The folks have been looking at Python, Objective C, etc. in order to make JavaScript more enjoyable. It doesn’t have any prefab scripts, but it does have toolkits for

  • managing asynchronous tasks
  • a Python approach to functional programming and comparisons
  • DOM manipulation
  • colour manipulation with CSS3 support
  • date and time manipulation
  • string formatting
  • iterations
  • logging
  • event handling
  • some visual effects
  • AJAX

The site also includes demos with the interactive interpreter standing out.

Moo.fx is purely focused on creating visual effects in a compact way and limiting the code from it. One can choose to use either the 3K or 6K version. It depends on the lite version of prototype (see below), but has more documentation.

prototype is a Ruby on Rails style approach in making JavaScript a more up to date scripting tool, putting the focus on Web 2.0 and thus Ajax. The class driven framework should take the burden of developing rich interactive applications. Unfortunately, the documentation is very poor and thus one has to depend on derivates like The latter has at least more documentation and some demos to show what is feasible.

Yahoo UI Library
Yahoo is said to be inspired and motivated by the work done at Prototype, Sciptaculous and Dojo. The focus in this library is to put rich user interfaces and has two categories of components:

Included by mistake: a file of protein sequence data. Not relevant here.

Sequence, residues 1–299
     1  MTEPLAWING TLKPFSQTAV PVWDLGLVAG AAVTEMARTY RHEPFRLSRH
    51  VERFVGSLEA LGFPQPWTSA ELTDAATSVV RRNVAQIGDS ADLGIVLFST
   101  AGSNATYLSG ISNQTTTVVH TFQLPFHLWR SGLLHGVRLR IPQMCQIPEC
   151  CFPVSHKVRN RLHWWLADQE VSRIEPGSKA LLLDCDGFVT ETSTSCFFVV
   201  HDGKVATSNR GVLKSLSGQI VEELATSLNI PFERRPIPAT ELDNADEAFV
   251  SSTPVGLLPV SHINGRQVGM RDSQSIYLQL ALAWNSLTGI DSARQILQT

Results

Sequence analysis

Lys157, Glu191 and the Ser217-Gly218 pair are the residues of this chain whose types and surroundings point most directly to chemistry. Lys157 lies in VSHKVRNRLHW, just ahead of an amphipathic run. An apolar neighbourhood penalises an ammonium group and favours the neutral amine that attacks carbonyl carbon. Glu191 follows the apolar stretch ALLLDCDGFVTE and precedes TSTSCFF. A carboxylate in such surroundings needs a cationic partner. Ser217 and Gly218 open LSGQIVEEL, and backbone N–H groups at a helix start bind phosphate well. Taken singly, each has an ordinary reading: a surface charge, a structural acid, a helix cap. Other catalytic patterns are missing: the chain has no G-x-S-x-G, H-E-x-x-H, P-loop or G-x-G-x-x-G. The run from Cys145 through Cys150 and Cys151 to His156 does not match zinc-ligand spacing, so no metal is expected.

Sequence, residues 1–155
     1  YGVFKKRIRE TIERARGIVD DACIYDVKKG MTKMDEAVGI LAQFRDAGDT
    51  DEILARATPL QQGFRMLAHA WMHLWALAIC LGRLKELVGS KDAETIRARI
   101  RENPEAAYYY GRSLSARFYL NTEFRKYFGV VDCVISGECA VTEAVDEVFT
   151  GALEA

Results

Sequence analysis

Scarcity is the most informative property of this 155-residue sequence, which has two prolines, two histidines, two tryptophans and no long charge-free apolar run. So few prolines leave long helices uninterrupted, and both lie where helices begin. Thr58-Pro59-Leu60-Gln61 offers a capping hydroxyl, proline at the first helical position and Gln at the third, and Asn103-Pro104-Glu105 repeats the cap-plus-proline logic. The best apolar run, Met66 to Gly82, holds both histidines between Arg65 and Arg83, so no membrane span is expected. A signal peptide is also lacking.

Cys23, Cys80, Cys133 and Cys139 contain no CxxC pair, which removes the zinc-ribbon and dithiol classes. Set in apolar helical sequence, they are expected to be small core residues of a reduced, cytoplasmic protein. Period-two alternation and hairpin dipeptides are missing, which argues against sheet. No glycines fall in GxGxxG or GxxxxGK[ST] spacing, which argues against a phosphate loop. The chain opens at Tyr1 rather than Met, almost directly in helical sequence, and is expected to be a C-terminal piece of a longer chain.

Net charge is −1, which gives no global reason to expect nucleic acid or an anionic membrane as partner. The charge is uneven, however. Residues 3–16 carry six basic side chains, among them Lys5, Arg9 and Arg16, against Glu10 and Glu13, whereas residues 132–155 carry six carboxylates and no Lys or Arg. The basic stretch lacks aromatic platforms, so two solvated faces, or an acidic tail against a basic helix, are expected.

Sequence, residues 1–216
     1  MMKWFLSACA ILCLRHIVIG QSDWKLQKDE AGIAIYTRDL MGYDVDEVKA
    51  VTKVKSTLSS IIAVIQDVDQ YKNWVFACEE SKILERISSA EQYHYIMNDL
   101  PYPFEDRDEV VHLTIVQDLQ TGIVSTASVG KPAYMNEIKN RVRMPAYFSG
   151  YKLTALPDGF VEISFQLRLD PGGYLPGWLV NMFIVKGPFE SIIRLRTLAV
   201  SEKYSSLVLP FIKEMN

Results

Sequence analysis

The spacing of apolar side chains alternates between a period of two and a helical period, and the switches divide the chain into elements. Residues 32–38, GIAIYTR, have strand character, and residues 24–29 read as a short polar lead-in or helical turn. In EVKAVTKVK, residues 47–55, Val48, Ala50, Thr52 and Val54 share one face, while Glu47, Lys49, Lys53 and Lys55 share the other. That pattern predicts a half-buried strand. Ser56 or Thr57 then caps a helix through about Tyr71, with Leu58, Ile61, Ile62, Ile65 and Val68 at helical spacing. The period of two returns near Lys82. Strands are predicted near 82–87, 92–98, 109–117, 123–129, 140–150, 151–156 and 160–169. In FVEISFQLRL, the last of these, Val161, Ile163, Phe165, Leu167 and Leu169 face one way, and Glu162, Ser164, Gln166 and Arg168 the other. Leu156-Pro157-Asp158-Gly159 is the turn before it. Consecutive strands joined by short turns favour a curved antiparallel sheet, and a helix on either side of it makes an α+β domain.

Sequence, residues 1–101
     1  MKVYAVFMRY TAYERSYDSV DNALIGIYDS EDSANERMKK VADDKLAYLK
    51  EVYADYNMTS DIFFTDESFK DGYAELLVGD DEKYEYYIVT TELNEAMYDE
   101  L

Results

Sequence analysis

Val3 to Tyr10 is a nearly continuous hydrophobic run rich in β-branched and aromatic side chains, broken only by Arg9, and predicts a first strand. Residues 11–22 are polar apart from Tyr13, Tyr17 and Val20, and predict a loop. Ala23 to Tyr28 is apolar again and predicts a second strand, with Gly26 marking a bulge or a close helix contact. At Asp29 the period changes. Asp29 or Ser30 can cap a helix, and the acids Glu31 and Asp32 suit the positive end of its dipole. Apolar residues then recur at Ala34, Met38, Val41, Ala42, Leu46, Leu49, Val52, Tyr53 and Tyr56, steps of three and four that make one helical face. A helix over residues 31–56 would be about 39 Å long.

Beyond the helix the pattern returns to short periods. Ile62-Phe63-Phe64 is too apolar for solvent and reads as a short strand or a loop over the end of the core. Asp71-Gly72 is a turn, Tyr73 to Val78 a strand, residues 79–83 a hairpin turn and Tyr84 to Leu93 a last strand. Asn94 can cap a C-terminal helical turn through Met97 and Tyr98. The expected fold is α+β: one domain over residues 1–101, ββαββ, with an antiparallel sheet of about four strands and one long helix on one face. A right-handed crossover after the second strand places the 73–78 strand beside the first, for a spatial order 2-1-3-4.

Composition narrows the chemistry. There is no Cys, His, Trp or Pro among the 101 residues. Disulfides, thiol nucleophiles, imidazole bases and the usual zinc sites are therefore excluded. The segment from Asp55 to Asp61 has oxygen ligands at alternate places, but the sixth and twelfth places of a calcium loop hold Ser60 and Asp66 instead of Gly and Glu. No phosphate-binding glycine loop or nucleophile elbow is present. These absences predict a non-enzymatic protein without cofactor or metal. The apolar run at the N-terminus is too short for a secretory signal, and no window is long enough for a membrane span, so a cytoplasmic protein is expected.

UI controls. People familiar with e.g. HTMLB will recognize the first two:

  • Calendar
  • TreeView
  • A slider which enables an end to adjust values between determined boundaries in a visual way

Core Utilities for DOM scripting

  • Animation utility, where one can animate the properties of page element. See also this demo page.
  • DOM utility for more common DOM tasks like manipulating the CSS properties. See also this demo page.
  • Drag and drop utility for a draggable interface. See also this demo page.
  • Event utility for event handler management
  • A connection manager for easier AJAX integration

Besides the UI Library, Yahoo also provides a Design Patterns Library. Yahoo claims that these patterns describe the optimal solution for common problems within a specific context.
So far, the list of patterns is limited to:

  • Auto-complete for text boxes
  • Breadcrumbs for larger navigation
  • Drag and drop for rearranging layout
  • Tabs for tabular navigation
  • Object and search pagination for displaying large amount of data
  • Object rating
  • Review writing


As you can see there is a multitude of libraries. There is no wheat without chaff though. It’s up to shift it out. One can base oneself on the presence/absence of documentation, the learning curve, the amount of work to integrate them or the footprint. Personally, I would choose the Yahoo UI for its maturity. It might have its shortages – some consider Yahoo as one – and doesn’t provide the openness and flexibility like e.g. Dojo (my runner up) but it’s the most professional finished product.